Diocese Awaits Court Ruling

By Kevin Luperchio
Catholic Free Press [Worcester MA]
Downloaded July 20, 2003

The diocese is awaiting a Superior Court ruling in response to its request that it be removed from a civil lawsuit charging Bishop Rueger with sexual assault of a minor.

In the suit, which was filed last July against the bishop and the diocese, Sime Braio, 52, of Shrewsbury, alleges that Bishop Rueger began sexually molesting him when Mr. Braio was an altar boy at Our Lady of Lourdes Parish in Worcester and that the diocese knowingly concealed information about the assaults. Bishop Rueger has denied the accusations.

Diocesan lawyer James G. Reardon, Jr. of Reardon & Reardon, a Worcester law firm, argued in a hearing Monday that the diocese should be exempt from the lawsuit under a Massachusetts common law which grants charitable organizations immunity from liability in civil lawsuits.

The law was changed in 1971 but since the alleged assaults against Mr. Braio occurred in the 1960s, it should apply in this case, Mr. Reardon said.

Daniel J. Shea, a Houston-based lawyer representing Mr. Braio, argued that the charitable immunity common law does not apply to cases of claims of direct negligence against the organization in matters of hiring and supervision of employees.

Mr. Reardon also argued that the diocese could not have knowingly concealed information pertaining to the alleged assaults since, by Mr. Braio's own admission, it did not know of the assaults before 2001. In the original complaint, Mr. Braio said he informed the diocese about the alleged assaults in 2001.

"You can't have conspiracy, fraud or deception based on what you don't know," Mr. Reardon said.

Mr. Shea argued that the wider Church has attempted to cover up instances of sexual abuse and that those attempts are relevant in his client's claim.

Mr. Reardon said only information relating to the Diocese of Worcester is pertinent to Mr. Braio's suit.

"The named party (in the suit) is the Diocese of Worcester," he said. "You can't sue the Catholic Church; it's not even an incorporated entity."

Mr. Reardon said the lawsuit against Bishop Rueger as a whole is incomplete.

"It's just wild accusations thrown out there for the purposes of some sort of discovery," he said.

He said the suit is laden with theological arguments that have no bearing in civil court since, under the First Amendment, courts cannot involve itself in matters of religious doctrine.

"What the Church says is not relevant in civil proceedings," Mr. Reardon said in a telephone interview Tuesday.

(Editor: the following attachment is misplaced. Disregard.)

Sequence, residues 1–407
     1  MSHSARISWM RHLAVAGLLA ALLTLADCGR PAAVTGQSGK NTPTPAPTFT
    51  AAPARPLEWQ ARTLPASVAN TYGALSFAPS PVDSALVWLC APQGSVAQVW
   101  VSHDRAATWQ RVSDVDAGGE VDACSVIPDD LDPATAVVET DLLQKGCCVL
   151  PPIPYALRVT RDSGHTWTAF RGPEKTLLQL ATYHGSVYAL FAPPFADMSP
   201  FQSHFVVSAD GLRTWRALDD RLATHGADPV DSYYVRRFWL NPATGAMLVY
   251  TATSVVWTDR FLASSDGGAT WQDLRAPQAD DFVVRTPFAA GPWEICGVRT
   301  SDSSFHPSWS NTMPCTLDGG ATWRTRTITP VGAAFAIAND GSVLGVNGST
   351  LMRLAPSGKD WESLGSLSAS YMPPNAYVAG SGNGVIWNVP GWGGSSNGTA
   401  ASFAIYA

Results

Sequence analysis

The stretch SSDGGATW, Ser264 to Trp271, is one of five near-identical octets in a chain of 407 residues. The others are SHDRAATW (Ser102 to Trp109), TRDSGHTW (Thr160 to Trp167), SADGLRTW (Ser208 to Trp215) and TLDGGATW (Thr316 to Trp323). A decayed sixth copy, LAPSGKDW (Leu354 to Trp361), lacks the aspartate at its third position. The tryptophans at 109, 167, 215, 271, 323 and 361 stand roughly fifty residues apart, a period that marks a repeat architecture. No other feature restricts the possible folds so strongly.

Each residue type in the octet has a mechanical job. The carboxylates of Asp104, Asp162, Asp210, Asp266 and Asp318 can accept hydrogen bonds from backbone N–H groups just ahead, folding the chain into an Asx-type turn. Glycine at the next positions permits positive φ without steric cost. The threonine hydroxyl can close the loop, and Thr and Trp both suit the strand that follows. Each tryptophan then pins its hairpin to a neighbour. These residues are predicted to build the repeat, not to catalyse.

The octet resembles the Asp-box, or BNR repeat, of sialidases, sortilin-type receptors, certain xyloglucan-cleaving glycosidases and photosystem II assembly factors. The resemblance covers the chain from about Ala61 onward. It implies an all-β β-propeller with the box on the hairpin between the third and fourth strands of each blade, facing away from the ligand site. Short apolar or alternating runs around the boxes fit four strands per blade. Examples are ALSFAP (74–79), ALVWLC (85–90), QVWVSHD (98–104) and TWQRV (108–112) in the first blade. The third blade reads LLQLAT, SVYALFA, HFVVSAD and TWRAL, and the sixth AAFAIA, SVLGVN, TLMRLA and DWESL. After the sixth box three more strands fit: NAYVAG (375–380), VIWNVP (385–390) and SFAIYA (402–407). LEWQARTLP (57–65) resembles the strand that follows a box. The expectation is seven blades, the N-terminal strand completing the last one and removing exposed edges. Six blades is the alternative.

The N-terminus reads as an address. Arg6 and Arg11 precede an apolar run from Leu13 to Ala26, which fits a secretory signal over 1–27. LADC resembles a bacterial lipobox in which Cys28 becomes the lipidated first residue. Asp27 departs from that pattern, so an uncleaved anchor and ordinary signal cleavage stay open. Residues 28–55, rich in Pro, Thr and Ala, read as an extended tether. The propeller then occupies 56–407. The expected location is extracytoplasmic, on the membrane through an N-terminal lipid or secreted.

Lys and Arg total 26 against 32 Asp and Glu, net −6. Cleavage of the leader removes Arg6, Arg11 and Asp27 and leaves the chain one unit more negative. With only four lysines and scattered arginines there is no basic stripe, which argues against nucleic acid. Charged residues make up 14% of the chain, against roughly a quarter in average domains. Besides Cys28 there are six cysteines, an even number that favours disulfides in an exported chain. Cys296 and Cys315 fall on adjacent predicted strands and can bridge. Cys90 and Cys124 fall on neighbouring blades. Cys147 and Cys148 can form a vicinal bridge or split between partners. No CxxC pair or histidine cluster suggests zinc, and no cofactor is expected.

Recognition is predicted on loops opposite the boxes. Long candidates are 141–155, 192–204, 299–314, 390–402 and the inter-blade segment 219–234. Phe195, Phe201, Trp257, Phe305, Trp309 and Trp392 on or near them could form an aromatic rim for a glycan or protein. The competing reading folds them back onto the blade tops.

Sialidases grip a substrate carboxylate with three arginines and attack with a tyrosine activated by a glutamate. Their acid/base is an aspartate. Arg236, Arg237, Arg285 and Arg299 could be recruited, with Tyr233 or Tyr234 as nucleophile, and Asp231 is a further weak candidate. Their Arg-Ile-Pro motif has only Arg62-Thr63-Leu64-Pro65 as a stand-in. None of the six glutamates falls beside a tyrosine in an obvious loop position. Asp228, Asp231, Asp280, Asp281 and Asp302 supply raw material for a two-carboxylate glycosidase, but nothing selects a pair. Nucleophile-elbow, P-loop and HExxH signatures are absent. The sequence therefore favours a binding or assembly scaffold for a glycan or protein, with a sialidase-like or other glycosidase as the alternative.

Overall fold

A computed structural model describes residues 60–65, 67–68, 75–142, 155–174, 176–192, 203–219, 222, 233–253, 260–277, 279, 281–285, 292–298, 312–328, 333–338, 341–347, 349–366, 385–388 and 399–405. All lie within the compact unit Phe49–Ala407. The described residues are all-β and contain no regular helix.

Mr. Shea said, in a telephone interview Tuesday, that it is up to the court to decide what is theological and what isn't.

Judge Leila Kern took the matter under advisement.

Mr. Reardon said a ruling could take anywhere from a week to a month.

If Judge Kern rules in the favor of the diocese, only one charge would remain in the suit, a count of aggravated assault and battery against Bishop Rueger.

The diocese is also awaiting a Superior Court judge's ruling as to whether it can depose a Telegram and Gazette reporter believed to have information regarding the case.

Kathleen A. Shaw, a religion beat reporter with the paper, interviewed Mr. Braio about his allegations against Bishop Rueger in February 2002, according to a July 12 article in the Telegram and Gazette.

In a hearing last November, Mr. Reardon said Ms. Shaw's testimony is pertinent because it could corroborate the testimony of Msgr. Thomas J. Sullivan, the diocesan official with whom Mr. Braio spoke about his alleged abuse in February 2002.

Msgr. Sullivan, diocesan chancellor, has testified in a deposition that Mr. Braio threatened to go to the press if the diocese did not pay him $10,000. Msgr. Sullivan said he refused the offer on several occasions and also informed the Worcester district attorney's office.

Lawyers for the Telegram and Gazette argued that Ms. Shaw's conversations with Mr. Briao are constitutionally protected as confidential.

Mr. Reardon said Massachusetts has no constitutional provision protecting conversations individuals have with reporters.

In addition, he said, Mr. Braio's story cannot be considered confidential since it has already been reported in the Telegram and Gazette.

Judge C. Brian McDonald has yet to return a ruling in the matter.


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